Hey, what’s that up there in the sky? Can’t you see it hovering just above that roof? Yeah! It’s a pie!

Those academics not on the payroll point out that adding supply in a sector beyond the requirements of demand is unlikely to end deflation, infrastructure improvements will not save that many lives because most people die in their homes during disasters (when the house collapses or burns to the ground), and stimulus of this sort is not “quality GDP” that benefits the real economy over the long run.

Others realize that pork of this sort is unlikely to win the LDP votes as it did in the old days. It would be more likely backfire by repelling independent urban voters who remember the stench and voted for the LDP only to support the Koizumi reforms. The one thing the politicos will gain is a reliable source for buying tickets to their fund-raising banquets. Now that they can pay for the campaign, all they have to do is find someone to vote for them.

Not everyone in the LDP likes it either. Some mid-tier MPs complained that the legislation ignored the government’s fiscal problems, and that the idea was out of synch with the times. LDP President Tanigaki Sadakazu admitted that some people might see it with a gimlet eye, but he insisted the fiscal deficits were caused by social security programs and not public works investment.

Give him credit for being half-bright. The fiscal deficits are caused by government spending on everything it spends money on in excess of its revenue, and big fiscal deficits are caused by big spending far in excess of its revenue over many years.

New Komeito, still the LDP’s nominal partners, criticized the measure for being excessive. They agree that infrastructure repair is needed, but their proposal calls for only half of the expenditure over the same time period. Members of that party also knew the committee that drafted the bill was headed by Nikai Toshihiro, a former Minister of Economy, Trade, and Industry, and the head of the old Transport Ministry. They wondered why they were supposed to support a bill shepherded into the Diet by a man widely considered to be tucked in the construction industry pocket.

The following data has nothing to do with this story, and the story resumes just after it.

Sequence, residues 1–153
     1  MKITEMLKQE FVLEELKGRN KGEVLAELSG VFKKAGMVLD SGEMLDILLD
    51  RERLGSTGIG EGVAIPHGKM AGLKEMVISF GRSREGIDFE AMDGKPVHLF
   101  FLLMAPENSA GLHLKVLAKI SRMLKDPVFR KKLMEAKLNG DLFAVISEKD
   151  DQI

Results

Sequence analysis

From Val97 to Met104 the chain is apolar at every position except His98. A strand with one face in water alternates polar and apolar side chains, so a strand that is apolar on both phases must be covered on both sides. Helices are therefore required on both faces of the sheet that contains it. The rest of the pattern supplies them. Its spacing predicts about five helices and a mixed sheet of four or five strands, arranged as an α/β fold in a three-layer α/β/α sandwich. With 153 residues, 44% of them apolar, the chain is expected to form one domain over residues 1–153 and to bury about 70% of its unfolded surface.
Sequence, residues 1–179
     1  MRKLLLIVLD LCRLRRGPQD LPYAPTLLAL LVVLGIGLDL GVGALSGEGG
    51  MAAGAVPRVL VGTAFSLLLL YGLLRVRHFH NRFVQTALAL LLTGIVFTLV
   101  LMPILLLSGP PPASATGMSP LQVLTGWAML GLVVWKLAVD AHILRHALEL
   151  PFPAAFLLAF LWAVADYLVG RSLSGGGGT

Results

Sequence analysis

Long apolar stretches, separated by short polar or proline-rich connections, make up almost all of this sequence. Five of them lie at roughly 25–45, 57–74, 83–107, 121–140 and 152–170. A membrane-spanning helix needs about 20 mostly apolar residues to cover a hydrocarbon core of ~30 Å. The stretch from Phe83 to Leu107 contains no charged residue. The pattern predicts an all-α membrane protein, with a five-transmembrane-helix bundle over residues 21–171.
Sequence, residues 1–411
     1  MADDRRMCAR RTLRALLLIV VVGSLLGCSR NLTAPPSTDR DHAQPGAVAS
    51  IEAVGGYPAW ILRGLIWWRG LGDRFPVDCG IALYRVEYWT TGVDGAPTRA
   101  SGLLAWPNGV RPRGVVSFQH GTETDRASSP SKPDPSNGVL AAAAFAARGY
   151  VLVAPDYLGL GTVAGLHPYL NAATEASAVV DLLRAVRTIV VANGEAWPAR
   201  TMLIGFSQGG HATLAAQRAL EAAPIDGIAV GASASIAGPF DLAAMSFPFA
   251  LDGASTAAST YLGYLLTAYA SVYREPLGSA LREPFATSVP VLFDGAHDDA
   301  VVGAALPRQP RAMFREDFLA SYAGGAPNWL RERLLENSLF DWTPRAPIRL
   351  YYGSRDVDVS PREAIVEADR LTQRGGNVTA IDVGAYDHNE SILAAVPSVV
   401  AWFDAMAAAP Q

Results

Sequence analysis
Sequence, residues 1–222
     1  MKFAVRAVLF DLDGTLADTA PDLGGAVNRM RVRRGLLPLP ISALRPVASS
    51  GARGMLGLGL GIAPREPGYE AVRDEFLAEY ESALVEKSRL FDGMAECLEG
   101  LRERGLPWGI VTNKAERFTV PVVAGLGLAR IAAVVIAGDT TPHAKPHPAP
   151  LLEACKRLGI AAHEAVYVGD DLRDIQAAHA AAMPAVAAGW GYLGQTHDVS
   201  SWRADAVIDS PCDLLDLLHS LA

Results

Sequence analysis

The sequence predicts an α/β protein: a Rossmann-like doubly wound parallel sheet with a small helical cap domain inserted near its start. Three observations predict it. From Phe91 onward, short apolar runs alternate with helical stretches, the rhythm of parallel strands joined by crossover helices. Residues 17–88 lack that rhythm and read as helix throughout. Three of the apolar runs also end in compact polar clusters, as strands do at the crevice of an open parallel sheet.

If this is the best they can do after being in the opposition for three years, the LDP is just as much in the dark as Mokuami, and just as likely to be sent home. Most of their benefactors died a quarter of a century ago.

Afterwords:

* Prof. Fujii also argues that excessive structural reform harms social welfare levels, is opposed to regional devolution and the TPP, and thinks eating earwigs is good for digestion.

* Speaking of social welfare, there is an interesting Twitter conversation (to the extent that Twitter conversations are interesting) containing suggestions that social welfare should be kept at current or higher levels to maintain social order.

Some people stopped thinking too soon — had they kept going, one of the conclusions they’d have reached is that the apprentice system for the trades should be restored.

*****

The Beach Boys wished they all could be California girls. I wish they all could be Tokyo girls.

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Ichigen koji (102)

Posted by ampontan on Sunday, May 13, 2012

一言居士

- A person who has something to say about everything

Unless the Noda Democratic Party swallows whole the tax increase proposal of  the Tanigaki Liberal Democrats and dissolves the lower house (for a general election), it will only create a synergistic effect of unpopularity for both the Tanigaki LDP and the Noda DPJ. The lower house will have to be dissolved next year anyway (when its term ends). Will that dissolution occur when the synergistic effect is at its maximum? That might be even more invigorating for everyone. It would give (Hashimoto Toru’s) One Osaka enough time to get ready.

- Hasegawa Yukihiro, author and member of the Tokyo Shimbun editorial board.